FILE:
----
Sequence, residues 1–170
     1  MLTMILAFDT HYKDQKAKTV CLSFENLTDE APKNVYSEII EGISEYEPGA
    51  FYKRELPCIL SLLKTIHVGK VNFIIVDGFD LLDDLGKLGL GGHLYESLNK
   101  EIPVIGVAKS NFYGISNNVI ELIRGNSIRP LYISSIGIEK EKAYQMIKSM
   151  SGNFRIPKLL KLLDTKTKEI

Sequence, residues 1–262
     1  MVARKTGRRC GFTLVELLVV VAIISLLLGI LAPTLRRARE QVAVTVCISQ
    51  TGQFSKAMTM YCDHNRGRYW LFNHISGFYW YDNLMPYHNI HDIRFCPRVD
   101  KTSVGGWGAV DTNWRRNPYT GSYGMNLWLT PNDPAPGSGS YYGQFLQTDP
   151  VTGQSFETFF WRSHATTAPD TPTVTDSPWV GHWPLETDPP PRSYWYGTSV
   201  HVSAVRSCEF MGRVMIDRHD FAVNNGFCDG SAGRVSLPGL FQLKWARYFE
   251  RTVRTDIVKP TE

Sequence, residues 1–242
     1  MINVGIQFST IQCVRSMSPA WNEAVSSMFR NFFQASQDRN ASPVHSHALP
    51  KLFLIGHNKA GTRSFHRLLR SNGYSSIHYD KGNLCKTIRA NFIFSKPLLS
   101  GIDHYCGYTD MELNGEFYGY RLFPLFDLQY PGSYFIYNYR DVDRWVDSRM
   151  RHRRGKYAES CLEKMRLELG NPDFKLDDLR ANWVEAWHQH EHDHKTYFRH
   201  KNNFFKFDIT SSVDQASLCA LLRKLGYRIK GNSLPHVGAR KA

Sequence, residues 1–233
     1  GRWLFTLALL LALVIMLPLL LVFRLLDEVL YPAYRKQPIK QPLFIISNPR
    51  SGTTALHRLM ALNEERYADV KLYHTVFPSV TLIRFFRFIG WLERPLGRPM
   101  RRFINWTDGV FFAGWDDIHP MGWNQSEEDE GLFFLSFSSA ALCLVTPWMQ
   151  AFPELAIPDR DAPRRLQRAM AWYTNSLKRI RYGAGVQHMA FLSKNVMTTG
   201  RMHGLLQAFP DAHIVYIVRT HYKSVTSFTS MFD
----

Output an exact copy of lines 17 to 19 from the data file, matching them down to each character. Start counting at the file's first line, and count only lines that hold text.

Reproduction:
   151  RHRRGKYAES CLEKMRLELG NPDFKLDDLR ANWVEAWHQH EHDHKTYFRH
   201  KNNFFKFDIT SSVDQASLCA LLRKLGYRIK GNSLPHVGAR KA

Sequence, residues 1–233